To prove my lack of knowledge here, let me share with you. Lest you think that all is fine and dandy and gamboling cheerful kittens at the Catness house, let me assure you it's soooo not that way at all. We have a cat like you describe, bonster, who would much prefer to be an only child, dislikes handling (displacement aggression), and snipes at our other two. Princess Nepher is a bitch. A flat out grumpy little brat with a comfort zone the size of a postage stamp. A large part of this comes from her history (long story); she was abused and abandoned quite a few times before being abandoned one last time on Mr Catness. She's been attacked by a spoiled rotten dog who ate all her food, hurt by stupid oafish human men, and had her trust betrayed repeatedly. Mr Catness and I have had to do a lot of work to get her to the slightly less prickly and affection seeking (on her terms) cat that she is today. It has been three years of work with consistency and patience.

Nepher tries my patience every day. She's the sort to reach out and lash the other cats at random for no reason other than irritation (that they're breathing the same air or nearby as she's passing) or she's impatient for me to get the food dishes down. Zoje will have nothing to do with her. The Phooka, if he's in the mood, will play Chase Me! with her. She clearly thinks the Pook is irretrievably stupid and is mightily offended that Zoje is top cat by virtue of her age and dignity.

All that said, the Holy Terror can be the sweetest most adorable, and charming cat I've ever met. When she first came to live with us (Mr Catness had had to leave her with friends for nearly a year--another long story), we got into a nasty habit of calling her "evil." After awhile I realized that focusing that sort of negative energy toward such a small creature was wrong in so many ways. So I banned the use of "evil" and switched to "complicated" and "misunderstood." Because she is. She's the most complicated cat... This last year has seen great improvements in her demeanor, particularly after we switched over to the raw meat diet. She did a... 45 degree turn in mood (yeah, not a 180 yet). I praise her and talk to her and admire her several times a day. I try to flood this cat with loads of positive feedback. She responds to it. Slowly, but she responds.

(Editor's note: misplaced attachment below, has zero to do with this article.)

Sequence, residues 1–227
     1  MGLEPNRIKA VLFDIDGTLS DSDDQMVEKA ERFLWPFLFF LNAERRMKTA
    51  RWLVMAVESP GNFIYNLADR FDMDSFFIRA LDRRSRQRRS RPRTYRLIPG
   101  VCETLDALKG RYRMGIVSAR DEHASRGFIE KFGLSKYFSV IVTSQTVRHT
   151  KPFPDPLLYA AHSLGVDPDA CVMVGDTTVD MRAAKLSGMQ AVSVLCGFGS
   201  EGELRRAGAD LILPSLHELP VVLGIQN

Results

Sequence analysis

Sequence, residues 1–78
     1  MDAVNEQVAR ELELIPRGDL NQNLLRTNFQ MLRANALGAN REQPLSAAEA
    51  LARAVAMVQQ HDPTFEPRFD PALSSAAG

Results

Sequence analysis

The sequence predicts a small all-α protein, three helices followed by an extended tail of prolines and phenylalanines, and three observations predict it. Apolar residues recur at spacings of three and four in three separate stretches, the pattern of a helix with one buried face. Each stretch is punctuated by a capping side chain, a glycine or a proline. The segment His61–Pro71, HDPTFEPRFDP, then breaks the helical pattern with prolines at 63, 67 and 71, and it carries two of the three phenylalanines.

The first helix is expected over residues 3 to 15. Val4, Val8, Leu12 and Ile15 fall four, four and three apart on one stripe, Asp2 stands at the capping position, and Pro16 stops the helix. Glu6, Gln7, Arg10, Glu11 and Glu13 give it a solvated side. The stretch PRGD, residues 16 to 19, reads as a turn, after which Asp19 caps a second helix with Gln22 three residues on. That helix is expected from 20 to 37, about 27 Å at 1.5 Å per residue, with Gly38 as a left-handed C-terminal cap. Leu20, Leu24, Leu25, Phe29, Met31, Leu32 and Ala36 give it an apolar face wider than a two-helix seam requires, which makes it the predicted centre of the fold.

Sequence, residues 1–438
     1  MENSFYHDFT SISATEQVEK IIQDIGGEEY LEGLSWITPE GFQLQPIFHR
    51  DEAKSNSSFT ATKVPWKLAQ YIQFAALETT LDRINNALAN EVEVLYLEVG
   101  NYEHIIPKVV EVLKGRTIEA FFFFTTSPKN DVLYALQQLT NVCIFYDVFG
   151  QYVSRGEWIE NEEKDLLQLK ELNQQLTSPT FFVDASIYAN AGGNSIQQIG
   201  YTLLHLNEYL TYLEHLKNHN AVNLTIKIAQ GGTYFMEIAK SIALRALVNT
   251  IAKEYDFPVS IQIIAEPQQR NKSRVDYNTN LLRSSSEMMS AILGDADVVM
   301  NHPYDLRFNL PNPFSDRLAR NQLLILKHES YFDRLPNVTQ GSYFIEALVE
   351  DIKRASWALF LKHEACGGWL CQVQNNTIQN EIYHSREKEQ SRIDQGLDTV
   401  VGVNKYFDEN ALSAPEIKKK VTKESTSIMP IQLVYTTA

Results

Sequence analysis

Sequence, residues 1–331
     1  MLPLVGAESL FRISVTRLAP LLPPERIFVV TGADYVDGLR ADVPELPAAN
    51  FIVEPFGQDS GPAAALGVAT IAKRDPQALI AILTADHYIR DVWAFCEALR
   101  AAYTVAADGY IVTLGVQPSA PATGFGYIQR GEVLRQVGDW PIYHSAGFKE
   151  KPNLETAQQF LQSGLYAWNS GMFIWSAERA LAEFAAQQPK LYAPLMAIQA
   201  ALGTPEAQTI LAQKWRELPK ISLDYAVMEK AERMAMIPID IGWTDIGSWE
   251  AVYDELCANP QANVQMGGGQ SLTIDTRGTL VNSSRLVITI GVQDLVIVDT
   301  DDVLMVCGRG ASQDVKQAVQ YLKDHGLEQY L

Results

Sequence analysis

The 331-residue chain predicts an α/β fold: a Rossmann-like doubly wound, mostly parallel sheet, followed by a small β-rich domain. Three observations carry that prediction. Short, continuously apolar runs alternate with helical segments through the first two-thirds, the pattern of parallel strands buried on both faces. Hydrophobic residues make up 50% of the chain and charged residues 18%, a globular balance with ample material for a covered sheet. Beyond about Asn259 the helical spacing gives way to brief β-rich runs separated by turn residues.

I still haven't conquered her aggression toward the other cats, that's something we have to work on daily. She's not allowed in the kitchen while I'm getting their food ready due to her inability to keep from slapping the other two in her impatience. If she hops up on the bed and hisses at Zoje because she claimed "her" spot on the bed, it's right back off until she can act like a lady. Last night, she even came up and laid her head on my hand, right next to Zoje, to prove that she should lay wherever she wants to dammit. I have found our two girls curled up together on the bed quite a few times; which lends weight to my prediction that some day, they will form an alliance and kick the Phooka's ass.

All of this to say that I don't have great advice on this part. Anitra Frazier and Dr. Kilcommons, meh, not much more either. These three cats that live with us are so different. I don't think they'll ever get along perfectly. Zoje can't be bothered with the other two, and the Prince and Princess tolerate each other between bouts of mad play. The best we can do is give them equal time in affection, attention, and understanding.

bonster, I'd let Kitty McPushypants know that some of that behavior is just not acceptable. Especially the amushing outside the poo-poo box (that can lead directly to "I'm Not Gonna Use It" problems). If the Wanna-be-Only-Child hasn't corrected Kitty McPushypants on that, do it yourself. Getting two boxes can help that. Make sure that Wanna-be-Only-Child gets some quality alone time with you. Other than that, they really have to work all of this stuff out for themselves. Cat relationships are complex, and usually best left without our interference. Like lonebluffs said upthread, her Xena is so not thrilled with ... uh ... Mookie (?) but is secretly pleased with the company, as evidenced by the reduction of hair pulling.

Right now, the cats are all in a fuss. Mr Catness and I will be moving across the country again (to Virginia). He left last weekend, and the cats and I will be joining him in September. They are not happy (well, neither am I, but at least I understand what's going on). It's harder for him though, he's plagued with guilt worrying that Nepher will think she's been abandoned again. But, the good thing is, she's not being shipped between stranger's houses this time and she's been living with me the past three years. So everything in her little life, save for his absence, is the same. She seems to be keeping her balance pretty well. Last month, when he went to Virginia for a few days, she stayed in the office here and pouted for the entire time he was gone. I think she's learned that if she does that, it gains her exactly nothing. I've had the pleasure of her company every night this week.